Will security enhance trust online, or supplant it?

Helen Nissenbaum

Research output: Chapter in Book/Report/Conference proceedingChapter


Promoters of the Internet and other digital media cite many and diverse benefits of these advances to humanity, from wide-ranging access to information and communication to enhancement of community and politics to stimulation of commerce and scientific collaboration. As the digital infrastructure has grown in size and complexity, however, even the most enthusiastic proponents acknowledge that the benefits are not inevitable but rest on a number of contingencies. Key among them is trust. Just as in conventional settings where trust improves the lives, prospects, and prosperity of individuals, relationships, and communities, so would it online, and just as distrust can degrade many dimensions of life, so can it online.1 Because of its importance to a flourishing online world and because trust online poses distinctive challenges, it has attracted the attention of a number of scholars, researchers, and practitioners in technical as well as nontechnical fields, which has yielded an extensive literature in scholarly and trade publications, the popular media, and government reports, and an active showing at conferences.2 Much of this work on trust online is devoted either to empirical investigation of key variables relevant to trust online or to developing technical models, mechanisms, and designs for encouraging and supporting trust online. While acknowledging the practical contributions of both these lines of work, this paper questions the conceptual assumptions behind them, arguing that the successful end-point of these efforts will not be trust at all but something else, something closer to surety, or the certainty that one is secure, particularly through technically imposed constraints.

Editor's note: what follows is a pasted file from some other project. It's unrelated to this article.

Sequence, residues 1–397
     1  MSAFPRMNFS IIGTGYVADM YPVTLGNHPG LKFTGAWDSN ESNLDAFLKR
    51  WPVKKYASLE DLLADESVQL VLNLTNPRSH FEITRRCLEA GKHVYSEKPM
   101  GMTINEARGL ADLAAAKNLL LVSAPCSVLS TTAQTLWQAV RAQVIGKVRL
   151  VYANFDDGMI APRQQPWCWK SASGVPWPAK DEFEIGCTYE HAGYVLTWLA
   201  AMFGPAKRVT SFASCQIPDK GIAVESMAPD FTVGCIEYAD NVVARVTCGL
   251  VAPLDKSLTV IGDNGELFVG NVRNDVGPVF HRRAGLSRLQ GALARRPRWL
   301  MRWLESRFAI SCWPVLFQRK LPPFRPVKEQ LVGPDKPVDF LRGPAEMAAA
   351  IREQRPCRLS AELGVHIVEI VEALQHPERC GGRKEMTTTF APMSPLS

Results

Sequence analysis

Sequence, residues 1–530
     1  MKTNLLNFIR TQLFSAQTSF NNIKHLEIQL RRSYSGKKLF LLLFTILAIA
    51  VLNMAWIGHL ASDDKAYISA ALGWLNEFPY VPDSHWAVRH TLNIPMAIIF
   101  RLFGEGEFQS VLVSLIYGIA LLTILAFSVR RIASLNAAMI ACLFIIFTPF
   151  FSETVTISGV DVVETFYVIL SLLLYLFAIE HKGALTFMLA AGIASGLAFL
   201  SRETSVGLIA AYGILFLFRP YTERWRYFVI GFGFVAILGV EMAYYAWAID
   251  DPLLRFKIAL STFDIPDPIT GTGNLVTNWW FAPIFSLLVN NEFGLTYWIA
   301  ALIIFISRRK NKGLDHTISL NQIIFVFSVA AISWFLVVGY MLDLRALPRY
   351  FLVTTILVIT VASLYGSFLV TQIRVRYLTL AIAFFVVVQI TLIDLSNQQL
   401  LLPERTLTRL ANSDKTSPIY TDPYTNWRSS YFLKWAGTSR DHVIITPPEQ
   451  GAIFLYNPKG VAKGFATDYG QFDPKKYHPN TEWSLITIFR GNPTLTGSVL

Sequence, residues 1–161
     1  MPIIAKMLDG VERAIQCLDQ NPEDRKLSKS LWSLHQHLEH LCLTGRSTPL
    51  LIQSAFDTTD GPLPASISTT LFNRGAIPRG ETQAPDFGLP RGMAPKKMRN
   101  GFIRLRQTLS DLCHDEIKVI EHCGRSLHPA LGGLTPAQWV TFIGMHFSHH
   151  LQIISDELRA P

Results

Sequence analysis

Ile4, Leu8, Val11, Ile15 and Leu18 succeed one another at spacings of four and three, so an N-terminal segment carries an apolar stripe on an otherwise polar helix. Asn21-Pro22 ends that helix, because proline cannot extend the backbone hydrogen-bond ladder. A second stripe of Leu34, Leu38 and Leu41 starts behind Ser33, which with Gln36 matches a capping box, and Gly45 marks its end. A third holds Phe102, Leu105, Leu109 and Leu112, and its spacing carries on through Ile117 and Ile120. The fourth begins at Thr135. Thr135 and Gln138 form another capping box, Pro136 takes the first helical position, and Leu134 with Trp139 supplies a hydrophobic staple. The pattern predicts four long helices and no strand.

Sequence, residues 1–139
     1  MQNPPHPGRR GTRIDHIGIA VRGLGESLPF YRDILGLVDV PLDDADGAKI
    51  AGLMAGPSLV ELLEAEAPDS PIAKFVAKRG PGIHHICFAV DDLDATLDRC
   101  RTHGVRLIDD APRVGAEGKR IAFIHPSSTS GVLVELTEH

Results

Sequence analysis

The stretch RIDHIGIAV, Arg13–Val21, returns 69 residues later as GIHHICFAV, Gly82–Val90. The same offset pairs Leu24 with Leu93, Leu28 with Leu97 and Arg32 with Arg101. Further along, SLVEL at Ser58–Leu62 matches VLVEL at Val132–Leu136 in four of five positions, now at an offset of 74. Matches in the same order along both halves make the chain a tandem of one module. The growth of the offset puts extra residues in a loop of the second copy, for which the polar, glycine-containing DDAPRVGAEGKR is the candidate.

Original languageEnglish (US)
Title of host publicationTrust and Distrust in Organizations
Subtitle of host publicationDilemmas and Approaches
PublisherRussell Sage Foundation
Number of pages34
ISBN (Print)0871544857, 9780871544858
StatePublished - 2004

ASJC Scopus subject areas

  • General Social Sciences


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